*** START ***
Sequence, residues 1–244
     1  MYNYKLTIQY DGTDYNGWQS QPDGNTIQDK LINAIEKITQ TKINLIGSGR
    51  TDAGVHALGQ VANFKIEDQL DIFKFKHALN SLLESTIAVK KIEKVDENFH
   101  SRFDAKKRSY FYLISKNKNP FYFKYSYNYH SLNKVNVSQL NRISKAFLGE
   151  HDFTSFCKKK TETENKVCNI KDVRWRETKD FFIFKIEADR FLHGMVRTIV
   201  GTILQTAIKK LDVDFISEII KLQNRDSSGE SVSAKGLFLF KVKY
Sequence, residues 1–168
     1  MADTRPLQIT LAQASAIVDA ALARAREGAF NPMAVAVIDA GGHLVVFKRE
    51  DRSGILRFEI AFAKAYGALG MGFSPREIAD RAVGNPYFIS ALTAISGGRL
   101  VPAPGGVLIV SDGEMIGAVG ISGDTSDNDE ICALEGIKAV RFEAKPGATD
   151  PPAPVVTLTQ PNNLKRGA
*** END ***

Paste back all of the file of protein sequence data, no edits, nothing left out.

Sequence, residues 1–244
     1  MYNYKLTIQY DGTDYNGWQS QPDGNTIQDK LINAIEKITQ TKINLIGSGR
    51  TDAGVHALGQ VANFKIEDQL DIFKFKHALN SLLESTIAVK KIEKVDENFH
   101  SRFDAKKRSY FYLISKNKNP FYFKYSYNYH SLNKVNVSQL NRISKAFLGE
   151  HDFTSFCKKK TETENKVCNI KDVRWRETKD FFIFKIEADR FLHGMVRTIV
   201  GTILQTAIKK LDVDFISEII KLQNRDSSGE SVSAKGLFLF KVKY
Sequence, residues 1–168
     1  MADTRPLQIT LAQASAIVDA ALARAREGAF NPMAVAVIDA GGHLVVFKRE
    51  DRSGILRFEI AFAKAYGALG MGFSPREIAD RAVGNPYFIS ALTAISGGRL
   101  VPAPGGVLIV SDGEMIGAVG ISGDTSDNDE ICALEGIKAV RFEAKPGATD
   151  PPAPVVTLTQ PNNLKRGA